So if you want a way to stimulate your vagus nerve and reap the associated health benefits—meditation and yoga are two options you don't want to skip!

  • Acupuncture

  • Acupuncture has been used as a type of treatment in traditional Chinese medicine for centuries. And according to modern science, it's effective at stimulating the vagus nerve! This is because acupuncture helps balance out your body's energy levels by targeting specific points on the skin - which are connected to different body areas via energy pathways that lead back up to the brainstem (where the vagus nerve originates).

    Numerous studies show acupuncture can help reduce stress, improve immunity, lower inflammation, enhance sleep quality, and more. There's also exciting research about acupuncture's efficacy in treating chronic pain.

    Check out the findings from this 2013 study on VNS and acupuncture, too that:

    "Demonstrated marked correspondences of the indications for those lateral head and neck acupoints to the clinical effects (beneficial and adverse) documented for the VNS device in the medical literature. This clinical correspondence, in conjunction with the anatomic proximity of the acupoints to the vagus nerve in the lateral neck, strongly suggests that vagus nerve (and hence the autonomic nervous system) stimulation is fundamental in producing the clinical effects of the acupoints."

  • Massage

  • Massage, including neck and ear massage, can stimulate your vagus nerve and create a sense of relaxation. Further, massage therapy can reduce muscle tension, activating the parasympathetic nervous system (and thus the vagus nerve).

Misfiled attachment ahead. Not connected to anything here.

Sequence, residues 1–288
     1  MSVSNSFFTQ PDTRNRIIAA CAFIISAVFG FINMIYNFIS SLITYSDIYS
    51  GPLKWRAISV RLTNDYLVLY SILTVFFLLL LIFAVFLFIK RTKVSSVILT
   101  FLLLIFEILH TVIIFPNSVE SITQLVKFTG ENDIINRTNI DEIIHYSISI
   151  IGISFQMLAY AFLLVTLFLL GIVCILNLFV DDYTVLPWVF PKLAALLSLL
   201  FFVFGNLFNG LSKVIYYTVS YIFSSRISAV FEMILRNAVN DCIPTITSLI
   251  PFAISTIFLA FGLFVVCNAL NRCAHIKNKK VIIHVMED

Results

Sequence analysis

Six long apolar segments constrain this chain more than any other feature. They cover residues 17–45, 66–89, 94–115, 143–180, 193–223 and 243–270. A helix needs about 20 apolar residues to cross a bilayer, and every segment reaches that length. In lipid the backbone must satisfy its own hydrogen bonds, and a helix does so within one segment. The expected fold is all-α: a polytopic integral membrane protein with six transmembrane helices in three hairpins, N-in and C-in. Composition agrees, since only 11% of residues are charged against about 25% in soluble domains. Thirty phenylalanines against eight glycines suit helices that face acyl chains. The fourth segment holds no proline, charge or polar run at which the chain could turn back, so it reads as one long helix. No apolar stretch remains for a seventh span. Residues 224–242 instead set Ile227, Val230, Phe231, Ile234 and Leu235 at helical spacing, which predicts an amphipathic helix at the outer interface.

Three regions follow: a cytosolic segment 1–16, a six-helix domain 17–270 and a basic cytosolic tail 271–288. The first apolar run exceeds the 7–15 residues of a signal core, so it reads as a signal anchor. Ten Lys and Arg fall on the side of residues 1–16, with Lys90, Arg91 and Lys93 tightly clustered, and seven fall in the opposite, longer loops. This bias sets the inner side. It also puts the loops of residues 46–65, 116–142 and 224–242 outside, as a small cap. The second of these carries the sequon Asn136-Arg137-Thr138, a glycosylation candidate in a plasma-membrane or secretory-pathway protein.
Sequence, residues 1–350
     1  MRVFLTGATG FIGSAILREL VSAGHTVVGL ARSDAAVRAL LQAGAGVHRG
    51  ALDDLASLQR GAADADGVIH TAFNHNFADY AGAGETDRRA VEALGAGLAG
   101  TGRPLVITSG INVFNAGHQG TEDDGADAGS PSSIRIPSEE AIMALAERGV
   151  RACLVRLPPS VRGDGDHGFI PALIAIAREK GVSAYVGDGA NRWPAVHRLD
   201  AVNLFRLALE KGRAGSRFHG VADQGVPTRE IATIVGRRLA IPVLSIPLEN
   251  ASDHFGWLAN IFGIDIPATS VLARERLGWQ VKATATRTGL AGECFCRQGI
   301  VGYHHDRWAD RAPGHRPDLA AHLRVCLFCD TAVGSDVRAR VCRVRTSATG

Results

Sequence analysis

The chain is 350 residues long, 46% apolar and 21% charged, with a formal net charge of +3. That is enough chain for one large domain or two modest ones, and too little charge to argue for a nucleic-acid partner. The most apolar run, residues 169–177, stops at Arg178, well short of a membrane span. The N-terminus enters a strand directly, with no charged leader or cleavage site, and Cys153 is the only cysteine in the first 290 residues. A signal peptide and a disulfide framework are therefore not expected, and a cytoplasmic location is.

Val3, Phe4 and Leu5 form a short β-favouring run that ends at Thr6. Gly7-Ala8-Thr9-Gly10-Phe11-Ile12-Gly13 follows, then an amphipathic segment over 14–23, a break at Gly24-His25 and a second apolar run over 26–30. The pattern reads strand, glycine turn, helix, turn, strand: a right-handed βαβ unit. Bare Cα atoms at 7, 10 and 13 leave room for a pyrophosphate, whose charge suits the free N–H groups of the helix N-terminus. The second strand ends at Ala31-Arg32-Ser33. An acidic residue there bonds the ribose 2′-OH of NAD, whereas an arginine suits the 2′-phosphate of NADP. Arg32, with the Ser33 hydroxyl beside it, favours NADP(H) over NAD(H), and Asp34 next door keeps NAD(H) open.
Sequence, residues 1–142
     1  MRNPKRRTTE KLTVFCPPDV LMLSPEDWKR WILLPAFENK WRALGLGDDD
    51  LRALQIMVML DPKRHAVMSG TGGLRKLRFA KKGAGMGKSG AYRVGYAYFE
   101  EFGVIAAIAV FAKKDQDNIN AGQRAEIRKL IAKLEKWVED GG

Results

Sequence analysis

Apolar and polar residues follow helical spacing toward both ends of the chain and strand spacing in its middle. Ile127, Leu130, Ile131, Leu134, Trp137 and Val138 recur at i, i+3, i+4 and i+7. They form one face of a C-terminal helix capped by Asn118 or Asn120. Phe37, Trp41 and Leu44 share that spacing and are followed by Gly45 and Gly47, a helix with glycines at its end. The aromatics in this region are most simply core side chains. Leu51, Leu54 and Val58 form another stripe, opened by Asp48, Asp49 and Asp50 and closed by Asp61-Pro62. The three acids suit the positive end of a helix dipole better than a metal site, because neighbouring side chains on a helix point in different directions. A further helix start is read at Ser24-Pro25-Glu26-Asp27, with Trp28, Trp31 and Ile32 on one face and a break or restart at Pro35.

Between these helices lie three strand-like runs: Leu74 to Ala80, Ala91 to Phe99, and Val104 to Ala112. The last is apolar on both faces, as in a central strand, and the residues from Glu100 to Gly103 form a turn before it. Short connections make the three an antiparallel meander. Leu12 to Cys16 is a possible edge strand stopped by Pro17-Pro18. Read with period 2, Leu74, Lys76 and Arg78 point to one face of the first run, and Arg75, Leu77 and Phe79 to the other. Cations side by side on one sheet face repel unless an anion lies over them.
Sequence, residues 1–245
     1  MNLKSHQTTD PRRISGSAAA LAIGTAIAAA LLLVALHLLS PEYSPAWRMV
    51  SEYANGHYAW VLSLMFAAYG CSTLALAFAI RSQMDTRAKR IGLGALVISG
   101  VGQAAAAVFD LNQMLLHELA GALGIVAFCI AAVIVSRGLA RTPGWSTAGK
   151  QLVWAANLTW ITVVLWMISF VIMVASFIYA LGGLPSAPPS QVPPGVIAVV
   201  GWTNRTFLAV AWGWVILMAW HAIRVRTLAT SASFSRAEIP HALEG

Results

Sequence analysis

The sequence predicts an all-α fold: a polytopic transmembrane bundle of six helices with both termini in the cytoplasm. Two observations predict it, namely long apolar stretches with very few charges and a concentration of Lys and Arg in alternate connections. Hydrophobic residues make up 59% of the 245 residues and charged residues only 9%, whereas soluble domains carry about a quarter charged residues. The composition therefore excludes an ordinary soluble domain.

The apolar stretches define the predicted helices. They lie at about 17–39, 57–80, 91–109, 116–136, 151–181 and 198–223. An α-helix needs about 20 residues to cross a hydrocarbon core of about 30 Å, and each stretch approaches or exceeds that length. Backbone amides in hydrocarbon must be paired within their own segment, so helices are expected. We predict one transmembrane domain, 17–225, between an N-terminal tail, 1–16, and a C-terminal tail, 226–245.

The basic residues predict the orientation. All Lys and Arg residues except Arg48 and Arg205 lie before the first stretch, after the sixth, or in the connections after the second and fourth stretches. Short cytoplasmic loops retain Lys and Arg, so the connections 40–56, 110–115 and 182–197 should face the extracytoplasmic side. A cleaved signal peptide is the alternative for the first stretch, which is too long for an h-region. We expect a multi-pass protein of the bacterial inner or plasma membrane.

When the vagus nerve is targeted directly with massage, it can help reduce inflammation, relieve anxiety symptoms, and improve digestion. Plus, studies have found massage to be an effective treatment for chronic pain and headaches as well.

    Here's a helpful guide to vagus nerve massage if you're ready to try it.

  • The vagus nerve diet

  • Another attractive and often overlooked option for toning and stimulating the vagus nerve is by including certain foods in your diet. Although a "vagus nerve diet" isn't as clearly defined as some diets (like keto) might be, there are some helpful guidelines to follow.

    As this article from the Dr. Ruscio blog highlights:

    "What we do know is that dietary choices that are generally good for your health seem to also benefit vagal tone and support a healthy vagus nerve. We can also infer that diets that specifically promote good gut health may improve vagal tone, since the vagus nerve can sense inflammation and microbial metabolites (like butyrate) in the gut."

    It also includes a list of some of the foods that could be most beneficial for promoting healthy vagal activity:

    • Omega-3 fatty acids 
    • Mediterranean diet (rich in fruits, vegetables, grains, legumes, nuts, and fish)
    • Enriched yogurt
    • Pistachios
    • Probiotic foods/supplements
    • Polyphenol-rich red wine (not spirits or beer)
    • Adequate vitamin B12 
    • High-choline foods

  • Vagus nerve tapping

  • Tapping is a form of psychological acupressure that is said to help reduce stress, anxiety, and physical pain. It's based on the same meridian points used in acupuncture, and when done correctly, it can be an effective option for stimulating your vagus nerve.

    Vagus nerve tapping usually entails gently tapping behind the earlobe near the mastoid process (where the skull meets the neck) or over different areas of your face. This helps activate the pressure points associated with calming down the nervous system, which stimulates your vagus nerve!

    Benefits of Vagus Nerve Stimulation

    Although we've touched on some of the benefits of vagus nerve stimulation already, here's a review of what you might expect from toning your vagus nerve:

    Reduced anxiety